Oroville Mercury-Register

Top US general holds talks with Russian officer

- By Lolita C. Baldor

HELSINKI, FINLAND » The top American military officer held talks Wednesday with his Russian counterpar­t as the United States struggles to secure basing rights and other counterter­rorism support in countries bordering Afghanista­n — an effort Moscow has opposed.

The six-hour meeting in Finland’s capital between Gen. Mark Milley, chairman of the U.S. Joint Chiefs of Staff, and Gen. Valery Gerasimov, chief of the Russian General Staff, came at a crucial time after the U.S. military withdrawal from Afghanista­n.

Without troops on the ground, the U.S. needs to reach more basing, intelligen­ce sharing and other agreements to help monitor al-Qaida and Islamic State militants in Afghanista­n.

Russia’s deputy foreign minister, Sergei Ryabkov, had said in July that Moscow warned the U.S. that any deployment of American troops in countries neighborin­g Afghanista­n “is unacceptab­le.” He said Russia told the U.S. “in a direct and straightfo­rward way that it would change a lot of things not only in our perception­s of what’s going on in that important region, but also in our relations with the United States.”

Ryabkov also said that Russia had a “frank talk” with the Central Asian countries to warn them not to allow U.S. troops within

their borders.

Both sides agreed not to disclose details of the talks, as has been the practice in previous meetings and calls. Afterward, Milley said: “It was a productive meeting. When military leaders of great powers communicat­e, the world is a safer place.”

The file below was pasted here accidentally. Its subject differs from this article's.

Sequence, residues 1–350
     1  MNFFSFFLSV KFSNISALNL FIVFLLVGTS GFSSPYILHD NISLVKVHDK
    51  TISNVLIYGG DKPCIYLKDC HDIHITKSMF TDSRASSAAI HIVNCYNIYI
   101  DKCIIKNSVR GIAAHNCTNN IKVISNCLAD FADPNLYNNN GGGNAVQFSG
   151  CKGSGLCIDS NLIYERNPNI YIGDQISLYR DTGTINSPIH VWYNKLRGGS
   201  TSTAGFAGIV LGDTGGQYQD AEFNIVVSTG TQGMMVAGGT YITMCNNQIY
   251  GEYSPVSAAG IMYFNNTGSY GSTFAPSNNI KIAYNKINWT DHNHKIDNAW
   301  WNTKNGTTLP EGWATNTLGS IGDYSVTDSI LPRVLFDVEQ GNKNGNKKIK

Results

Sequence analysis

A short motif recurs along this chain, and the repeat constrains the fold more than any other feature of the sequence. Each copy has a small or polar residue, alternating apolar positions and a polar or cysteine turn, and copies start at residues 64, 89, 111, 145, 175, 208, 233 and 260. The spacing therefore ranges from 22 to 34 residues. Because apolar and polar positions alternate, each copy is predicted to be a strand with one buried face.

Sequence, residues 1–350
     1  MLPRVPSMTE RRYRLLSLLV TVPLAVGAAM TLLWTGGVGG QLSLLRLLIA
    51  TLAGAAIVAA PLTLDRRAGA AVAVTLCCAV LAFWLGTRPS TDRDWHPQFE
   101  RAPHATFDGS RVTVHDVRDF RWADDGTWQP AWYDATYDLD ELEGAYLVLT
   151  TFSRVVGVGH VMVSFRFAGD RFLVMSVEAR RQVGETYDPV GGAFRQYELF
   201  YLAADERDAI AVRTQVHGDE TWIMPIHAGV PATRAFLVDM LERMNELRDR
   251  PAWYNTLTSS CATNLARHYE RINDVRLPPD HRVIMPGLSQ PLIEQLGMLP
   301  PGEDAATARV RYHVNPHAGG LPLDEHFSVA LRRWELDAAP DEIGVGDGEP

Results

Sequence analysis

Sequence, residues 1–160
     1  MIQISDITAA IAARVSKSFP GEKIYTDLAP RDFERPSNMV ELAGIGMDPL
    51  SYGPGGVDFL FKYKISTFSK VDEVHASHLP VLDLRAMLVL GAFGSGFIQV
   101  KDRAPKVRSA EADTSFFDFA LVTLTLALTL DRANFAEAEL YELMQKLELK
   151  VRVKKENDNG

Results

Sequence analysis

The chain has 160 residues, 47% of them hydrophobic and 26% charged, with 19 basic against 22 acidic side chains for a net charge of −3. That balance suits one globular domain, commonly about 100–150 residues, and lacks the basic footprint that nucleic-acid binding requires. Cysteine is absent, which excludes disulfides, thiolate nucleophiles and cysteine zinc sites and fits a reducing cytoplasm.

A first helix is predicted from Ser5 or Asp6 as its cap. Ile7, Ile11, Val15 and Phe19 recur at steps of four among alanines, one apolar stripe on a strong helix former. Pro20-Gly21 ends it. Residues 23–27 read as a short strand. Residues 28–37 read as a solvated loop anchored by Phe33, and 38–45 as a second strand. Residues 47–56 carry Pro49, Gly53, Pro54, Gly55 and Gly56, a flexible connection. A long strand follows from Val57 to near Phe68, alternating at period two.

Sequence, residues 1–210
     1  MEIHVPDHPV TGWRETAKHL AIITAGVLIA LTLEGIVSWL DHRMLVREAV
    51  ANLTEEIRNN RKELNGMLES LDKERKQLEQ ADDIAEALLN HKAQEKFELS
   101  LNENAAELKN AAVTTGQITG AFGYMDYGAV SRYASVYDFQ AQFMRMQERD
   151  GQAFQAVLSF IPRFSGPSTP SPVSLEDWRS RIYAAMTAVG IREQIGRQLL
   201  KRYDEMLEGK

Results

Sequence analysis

He recently made clear that the basing issue was a key topic on his European trip, saying he discussed it with NATO counterpar­ts when they met in Greece over the weekend.

Milley, U.S. Defense Secretary Lloyd Austin and American intelligen­ce officials have warned that alQaida

or IS could regenerate and pose a threat to the United States in one year to two years.

U.S. military leaders have said they can conduct counterter­rorism surveillan­ce and, if necessary, strikes in Afghanista­n from military assets based in other countries. But they acknowledg­e that surveillan­ce flights from bases in the Persian Gulf are long and provide limited time in the air over Afghanista­n. So the U.S. and allies want basing agreements, overflight rights and increased intelligen­ce-sharing with nations closer to Afghanista­n, such as Uzbekistan, Kyrgyzstan

or Tajikistan.

So far there are no indication­s of any progress. Moscow maintains a tight grip on the Central Asian nations and opposes a Western presence there.

The U.S. used the Transit Center at Manas, in Krygyzstan, for a large part of the Afghanista­n war, moving troops in and out of the war zone through that base. Under pressure from Russia and its allies, however, Krygyzstan insisted the U.S. vacate the base in 2014.

The U.S. also leased Karshi-Khanabad, known as K2, as a base in Uzbekistan for several years after the Afghanista­n war began.

 ?? SERGEI SAVOSTYANO­V, SPUTNIK, KREMLIN POOL PHOTO VIA AP ?? Russian President Vladimir Putin, center, Russian Defense Minister Sergei Shoigu, right, and Russian General Staff Valery Gerasimov, left, walk to attend the joint strategic exercise of the armed forces of the Russian Federation and the Republic of Belarus Zapad-2021at the Mulino training ground in the Nizhny Novgorod region, Russia, Monday.
SERGEI SAVOSTYANO­V, SPUTNIK, KREMLIN POOL PHOTO VIA AP Russian President Vladimir Putin, center, Russian Defense Minister Sergei Shoigu, right, and Russian General Staff Valery Gerasimov, left, walk to attend the joint strategic exercise of the armed forces of the Russian Federation and the Republic of Belarus Zapad-2021at the Mulino training ground in the Nizhny Novgorod region, Russia, Monday.

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